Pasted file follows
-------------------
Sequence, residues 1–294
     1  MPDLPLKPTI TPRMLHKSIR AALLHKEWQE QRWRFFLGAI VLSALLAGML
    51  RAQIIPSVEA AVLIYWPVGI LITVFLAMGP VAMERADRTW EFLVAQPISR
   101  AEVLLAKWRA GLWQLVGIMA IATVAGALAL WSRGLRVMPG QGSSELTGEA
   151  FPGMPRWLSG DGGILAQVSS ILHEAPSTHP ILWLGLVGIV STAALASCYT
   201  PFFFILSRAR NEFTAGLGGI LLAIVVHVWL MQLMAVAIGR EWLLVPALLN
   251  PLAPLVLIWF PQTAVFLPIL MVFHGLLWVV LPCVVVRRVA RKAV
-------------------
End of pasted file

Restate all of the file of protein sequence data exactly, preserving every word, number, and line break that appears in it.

Sequence, residues 1–294
     1  MPDLPLKPTI TPRMLHKSIR AALLHKEWQE QRWRFFLGAI VLSALLAGML
    51  RAQIIPSVEA AVLIYWPVGI LITVFLAMGP VAMERADRTW EFLVAQPISR
   101  AEVLLAKWRA GLWQLVGIMA IATVAGALAL WSRGLRVMPG QGSSELTGEA
   151  FPGMPRWLSG DGGILAQVSS ILHEAPSTHP ILWLGLVGIV STAALASCYT
   201  PFFFILSRAR NEFTAGLGGI LLAIVVHVWL MQLMAVAIGR EWLLVPALLN
   251  PLAPLVLIWF PQTAVFLPIL MVFHGLLWVV LPCVVVRRVA RKAV